Film Classification Guide for Parents

Different attitudes to ‘age appropriate’ movies and videos can be a real cause of contention among friends, grandparents and others who look after our children.

I have been shocked to discover that my 7 year-old has been allowed to watch films with 12+ certification during play dates,  and when she has been up all night having nightmares about what she’s seen, I’ve been pretty angry too. Has this happened to you? Movies and videos are given certification by the British Board of Film Classification (BBFC). Every 4-5 years, the BBFC carry out a consultation to ensure that their guidelines are in line with what the public expects. Sometimes however, the familiar classification categories are not enough. There is a really useful app for parents published by the BBFC which details all the reasons why a film has been given a particular rating. Any film or video published after 2007 is listed on BBFCInsights and each entry details which  issues (e.g. sex, violence, discrimination etc) a film may raise. The Insights are also available online. Please note that there may be plot spoilers within the BBFCInsight description, but where possible, plot information is kept to a minimum. Insights are very useful, for example, if you have a sensitive child. A film may have a 12 rating and your child may be of this age, but further information will help you decide whether the film/video raises issues that will trigger unwelcome responses.

How are films actually rated?

According to the BBFC website, film releases are seen by at least two examiners with the rating decision overseen by a senior examiner. DVDs are seen by one examiner as these will usually have been rated before if the film was on general release. Occasionally, film ratings are complicated and more members of the BBFC are involved in making the final decision. The BBFC website explains that, Examiners look at issues such as discrimination, drugs, horror, imitable behaviour, language, nudity, sex, sexual violence, theme and violence when making decisions. They also consider context, the tone and impact of a work (e.g. how it makes the audience feel) and even the release format (for example, as DVDs are watched in the home, there is a higher risk of underage viewing).”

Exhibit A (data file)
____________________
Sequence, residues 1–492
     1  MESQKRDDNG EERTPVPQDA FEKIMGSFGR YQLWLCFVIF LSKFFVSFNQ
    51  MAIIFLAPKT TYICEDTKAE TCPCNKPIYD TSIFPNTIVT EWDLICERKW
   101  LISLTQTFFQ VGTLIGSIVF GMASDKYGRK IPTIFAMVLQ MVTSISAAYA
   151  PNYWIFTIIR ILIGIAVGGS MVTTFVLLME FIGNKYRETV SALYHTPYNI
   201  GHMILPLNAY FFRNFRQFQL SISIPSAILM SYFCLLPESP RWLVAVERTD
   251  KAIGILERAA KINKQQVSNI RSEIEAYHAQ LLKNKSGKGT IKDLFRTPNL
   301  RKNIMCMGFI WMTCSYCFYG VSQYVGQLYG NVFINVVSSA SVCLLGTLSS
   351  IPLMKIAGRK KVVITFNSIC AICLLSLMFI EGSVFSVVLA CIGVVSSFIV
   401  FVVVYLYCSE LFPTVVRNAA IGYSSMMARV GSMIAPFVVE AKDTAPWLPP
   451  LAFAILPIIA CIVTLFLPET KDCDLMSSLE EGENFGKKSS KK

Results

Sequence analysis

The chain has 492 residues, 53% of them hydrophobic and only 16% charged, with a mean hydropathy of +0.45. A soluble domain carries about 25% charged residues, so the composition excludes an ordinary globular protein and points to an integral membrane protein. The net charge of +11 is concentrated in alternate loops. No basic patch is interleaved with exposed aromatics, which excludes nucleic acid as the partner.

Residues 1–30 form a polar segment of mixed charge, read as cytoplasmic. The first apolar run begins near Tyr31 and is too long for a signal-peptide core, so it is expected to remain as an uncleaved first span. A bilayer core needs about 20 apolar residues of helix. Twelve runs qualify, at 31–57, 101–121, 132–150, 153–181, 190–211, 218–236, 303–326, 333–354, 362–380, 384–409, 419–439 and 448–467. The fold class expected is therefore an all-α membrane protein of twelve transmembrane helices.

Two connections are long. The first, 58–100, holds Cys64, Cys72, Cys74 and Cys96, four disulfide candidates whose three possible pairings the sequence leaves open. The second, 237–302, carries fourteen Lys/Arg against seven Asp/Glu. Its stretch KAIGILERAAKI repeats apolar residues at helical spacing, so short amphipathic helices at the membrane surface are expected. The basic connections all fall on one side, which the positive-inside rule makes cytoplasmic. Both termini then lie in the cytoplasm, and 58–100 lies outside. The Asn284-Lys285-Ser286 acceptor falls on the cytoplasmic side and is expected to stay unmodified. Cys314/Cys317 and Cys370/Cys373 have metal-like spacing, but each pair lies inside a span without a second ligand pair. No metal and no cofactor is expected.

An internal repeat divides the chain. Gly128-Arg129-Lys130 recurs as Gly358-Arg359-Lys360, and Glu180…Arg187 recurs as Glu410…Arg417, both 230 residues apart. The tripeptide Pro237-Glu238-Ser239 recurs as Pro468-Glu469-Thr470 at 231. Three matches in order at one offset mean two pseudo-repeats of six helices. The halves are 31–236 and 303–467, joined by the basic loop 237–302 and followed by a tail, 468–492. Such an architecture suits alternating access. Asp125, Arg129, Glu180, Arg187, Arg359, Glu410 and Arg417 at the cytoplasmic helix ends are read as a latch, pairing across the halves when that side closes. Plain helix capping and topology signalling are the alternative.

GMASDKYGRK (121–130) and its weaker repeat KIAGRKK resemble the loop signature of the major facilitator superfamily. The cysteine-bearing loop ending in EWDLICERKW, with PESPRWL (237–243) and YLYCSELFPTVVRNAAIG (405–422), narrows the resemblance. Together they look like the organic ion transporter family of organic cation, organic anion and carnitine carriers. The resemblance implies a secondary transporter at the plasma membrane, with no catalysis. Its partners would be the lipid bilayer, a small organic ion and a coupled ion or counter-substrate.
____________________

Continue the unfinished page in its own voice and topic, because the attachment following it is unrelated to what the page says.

Here is a reminder of the standard classifications:

U Suitable for all – U stands for Universal and a film in this category should be suitable for children aged 4 and up, but there is no guarantee that contents will not upset a particular child. More details here. PG stands for Parental Guidance and usually applies to films suitable for ages 8 or older. Read more. 12A is the classification for a cinema release suitable for 12 years and over if accompanied by an adult over 18. There may be strong language and scenes of a sexual or violent nature. More info here. There is no lower age limit on 12As, but the BBFC do not recommend such films to viewers under 12. 12 is as above but for video releases. 15 classification is for films deemed suitable for children aged 15 years and over. These films are much stronger than 12a, with possible discriminatory language or behaviour, drug taking and scenes of sexual nature . More information is here. 18 Suitable only for adults over 18.  R18 These are adult works of an explicit nature for show or sale at licensed premises only. Read more here.

Do you feel confident about the classifications used by the BBFC? Has your child ever seen a film you felt was rated incorrectly?